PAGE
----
There are so many things this book does right. There's a great family dynamic between Lucy and her parents, and I like that there are moments with each of these three characters' "perfect" shiny veneer slips and we see they're gloriously human and not actually perfect at all. But I'm glad that an emphasis is placed on being honest with your family, even when it hurts. And though Lucy goes to a camp with troubled campers, the narrative never become the tired "these kids teach me more than I could ever teach them." Lucy works hard to help her campers, and while yes, her experiences help her grow into a better person and character, it's never manipulative. Lucy's growth occurs very organically and naturally, in slips and starts and setbacks. Also, there are just enough fun and sweet moments with friends and the cute love interest to balance out the heavy of the book. In a book where some of the main plot points include religion and cancer, this is desperately necessary to prevent the book from being a complete downer. I think Emery does a great job achieving this balance.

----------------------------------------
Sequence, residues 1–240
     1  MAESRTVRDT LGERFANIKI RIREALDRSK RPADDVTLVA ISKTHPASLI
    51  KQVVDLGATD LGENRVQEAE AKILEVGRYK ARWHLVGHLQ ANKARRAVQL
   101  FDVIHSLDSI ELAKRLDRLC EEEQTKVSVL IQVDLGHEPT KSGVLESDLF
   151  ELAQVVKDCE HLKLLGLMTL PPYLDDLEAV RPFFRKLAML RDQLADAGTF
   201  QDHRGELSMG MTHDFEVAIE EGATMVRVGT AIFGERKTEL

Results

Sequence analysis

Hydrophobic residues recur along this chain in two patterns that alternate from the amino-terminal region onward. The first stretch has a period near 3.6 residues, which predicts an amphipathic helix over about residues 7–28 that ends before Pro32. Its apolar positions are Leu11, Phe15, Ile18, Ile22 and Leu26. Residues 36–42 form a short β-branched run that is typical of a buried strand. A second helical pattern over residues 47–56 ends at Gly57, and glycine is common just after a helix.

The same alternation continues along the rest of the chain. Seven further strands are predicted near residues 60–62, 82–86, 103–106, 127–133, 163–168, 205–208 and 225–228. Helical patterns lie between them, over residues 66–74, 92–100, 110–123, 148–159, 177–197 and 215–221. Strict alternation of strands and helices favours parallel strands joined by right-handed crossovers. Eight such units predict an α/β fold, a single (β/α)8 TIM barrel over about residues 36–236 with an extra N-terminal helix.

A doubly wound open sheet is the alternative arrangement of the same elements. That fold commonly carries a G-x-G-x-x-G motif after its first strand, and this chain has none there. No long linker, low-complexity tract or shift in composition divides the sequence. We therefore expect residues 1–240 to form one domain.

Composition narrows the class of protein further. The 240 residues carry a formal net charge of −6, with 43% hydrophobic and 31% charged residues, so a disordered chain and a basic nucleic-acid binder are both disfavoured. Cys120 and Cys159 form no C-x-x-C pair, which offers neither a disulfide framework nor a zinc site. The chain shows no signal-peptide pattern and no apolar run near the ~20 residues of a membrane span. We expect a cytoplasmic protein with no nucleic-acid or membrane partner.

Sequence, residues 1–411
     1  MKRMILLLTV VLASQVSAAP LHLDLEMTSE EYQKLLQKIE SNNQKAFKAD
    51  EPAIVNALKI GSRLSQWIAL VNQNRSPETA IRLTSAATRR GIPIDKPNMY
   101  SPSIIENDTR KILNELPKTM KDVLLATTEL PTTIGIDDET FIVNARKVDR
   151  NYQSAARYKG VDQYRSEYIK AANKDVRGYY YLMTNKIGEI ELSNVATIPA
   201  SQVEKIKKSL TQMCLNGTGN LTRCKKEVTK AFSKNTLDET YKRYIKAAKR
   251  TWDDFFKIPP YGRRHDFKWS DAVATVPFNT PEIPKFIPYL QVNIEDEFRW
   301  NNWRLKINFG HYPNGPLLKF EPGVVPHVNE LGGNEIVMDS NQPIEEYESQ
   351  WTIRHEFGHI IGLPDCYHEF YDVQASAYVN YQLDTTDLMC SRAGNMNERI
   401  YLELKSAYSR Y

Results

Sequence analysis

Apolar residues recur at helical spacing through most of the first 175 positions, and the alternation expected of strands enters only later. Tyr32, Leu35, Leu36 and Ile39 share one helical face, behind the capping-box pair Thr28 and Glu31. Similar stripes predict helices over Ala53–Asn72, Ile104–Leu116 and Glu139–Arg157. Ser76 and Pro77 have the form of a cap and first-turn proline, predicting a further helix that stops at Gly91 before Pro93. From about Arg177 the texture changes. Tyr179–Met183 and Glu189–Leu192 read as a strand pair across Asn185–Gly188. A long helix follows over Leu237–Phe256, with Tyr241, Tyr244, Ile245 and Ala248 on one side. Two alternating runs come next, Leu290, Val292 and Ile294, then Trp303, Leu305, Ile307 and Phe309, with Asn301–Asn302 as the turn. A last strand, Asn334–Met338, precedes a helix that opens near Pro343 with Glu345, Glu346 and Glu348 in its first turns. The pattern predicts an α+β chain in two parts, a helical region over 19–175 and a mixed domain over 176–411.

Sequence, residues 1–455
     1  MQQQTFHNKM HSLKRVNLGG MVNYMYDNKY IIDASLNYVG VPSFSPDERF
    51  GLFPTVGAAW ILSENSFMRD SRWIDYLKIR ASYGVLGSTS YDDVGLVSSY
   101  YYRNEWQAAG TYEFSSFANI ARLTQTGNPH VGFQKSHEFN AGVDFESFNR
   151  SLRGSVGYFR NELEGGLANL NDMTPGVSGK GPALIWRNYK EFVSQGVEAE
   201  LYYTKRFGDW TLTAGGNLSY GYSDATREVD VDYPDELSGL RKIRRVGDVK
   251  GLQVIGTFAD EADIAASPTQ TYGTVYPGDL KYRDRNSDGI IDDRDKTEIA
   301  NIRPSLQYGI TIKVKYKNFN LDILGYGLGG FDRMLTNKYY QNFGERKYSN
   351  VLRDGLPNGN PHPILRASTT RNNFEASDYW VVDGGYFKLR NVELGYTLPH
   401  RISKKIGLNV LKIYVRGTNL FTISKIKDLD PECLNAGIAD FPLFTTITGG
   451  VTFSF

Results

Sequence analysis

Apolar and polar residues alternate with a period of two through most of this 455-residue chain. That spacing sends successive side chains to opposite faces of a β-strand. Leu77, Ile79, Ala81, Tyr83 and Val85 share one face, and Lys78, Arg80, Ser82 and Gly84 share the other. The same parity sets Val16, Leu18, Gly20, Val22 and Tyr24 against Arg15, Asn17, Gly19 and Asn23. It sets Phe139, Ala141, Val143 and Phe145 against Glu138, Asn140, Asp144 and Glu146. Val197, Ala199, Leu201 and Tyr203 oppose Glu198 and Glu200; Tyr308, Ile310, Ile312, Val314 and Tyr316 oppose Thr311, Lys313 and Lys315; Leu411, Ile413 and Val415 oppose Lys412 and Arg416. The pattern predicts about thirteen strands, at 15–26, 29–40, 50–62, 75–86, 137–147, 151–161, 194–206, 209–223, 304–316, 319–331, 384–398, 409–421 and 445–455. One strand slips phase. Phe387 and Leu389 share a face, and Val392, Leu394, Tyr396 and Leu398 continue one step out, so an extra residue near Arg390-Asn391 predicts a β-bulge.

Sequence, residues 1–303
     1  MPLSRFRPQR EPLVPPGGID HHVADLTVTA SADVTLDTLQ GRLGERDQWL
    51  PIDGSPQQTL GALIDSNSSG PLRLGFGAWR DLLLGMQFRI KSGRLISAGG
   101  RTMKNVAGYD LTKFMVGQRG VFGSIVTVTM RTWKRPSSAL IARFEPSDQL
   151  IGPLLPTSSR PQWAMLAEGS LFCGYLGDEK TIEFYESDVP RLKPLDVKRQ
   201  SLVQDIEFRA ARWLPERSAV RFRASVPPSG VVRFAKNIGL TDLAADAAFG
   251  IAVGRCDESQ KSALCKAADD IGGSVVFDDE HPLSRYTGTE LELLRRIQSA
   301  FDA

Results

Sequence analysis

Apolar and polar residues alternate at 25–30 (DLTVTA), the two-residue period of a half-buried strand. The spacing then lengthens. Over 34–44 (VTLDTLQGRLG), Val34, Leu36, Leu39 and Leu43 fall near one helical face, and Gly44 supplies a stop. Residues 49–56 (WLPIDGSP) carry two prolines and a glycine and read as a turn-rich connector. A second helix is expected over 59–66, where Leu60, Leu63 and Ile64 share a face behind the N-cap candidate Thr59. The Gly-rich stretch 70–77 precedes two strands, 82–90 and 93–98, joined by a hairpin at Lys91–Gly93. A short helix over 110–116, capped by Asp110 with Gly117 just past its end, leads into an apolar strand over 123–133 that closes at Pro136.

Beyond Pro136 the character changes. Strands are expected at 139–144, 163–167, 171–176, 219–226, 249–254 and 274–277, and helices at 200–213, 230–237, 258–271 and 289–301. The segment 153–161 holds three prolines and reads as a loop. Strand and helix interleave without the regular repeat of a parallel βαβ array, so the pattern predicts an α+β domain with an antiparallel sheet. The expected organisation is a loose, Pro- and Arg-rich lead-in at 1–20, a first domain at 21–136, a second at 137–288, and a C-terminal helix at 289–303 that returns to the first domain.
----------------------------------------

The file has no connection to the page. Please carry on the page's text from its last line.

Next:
The Names They Gave Us is also a book that includes an incredibly diverse cast. One of Lucy's new camp friends is trans and has anxiety, and the conversations Lucy has with her are so so very important. There's also an interracial romance, and although Names doesn't go as in-depth as Ramona Blue about the challenges black boys face, especially when in a relationship with a white girl, Jones does talk about it some. One of Lucy's new friends at camp is trans, and although I can't speak to the representation of that character, I do like that there are frank conversations between Lucy and Anna about being transgender. I fucked up my friendship with the first trans person I ever knew because I didn't know how to be his friend during/after transition (I know that is a truly terrible thing to say. I KNOW.) so I appreciate any writer who tackles these heavy conversations with grace and a firm hand (Anna doesn't hold back when Lucy says something hurtful). Anna also has extreme anxiety that is discussed on the page. There are characters with different kinds of families, and teenage pregnancy is explored, including discussing adoption.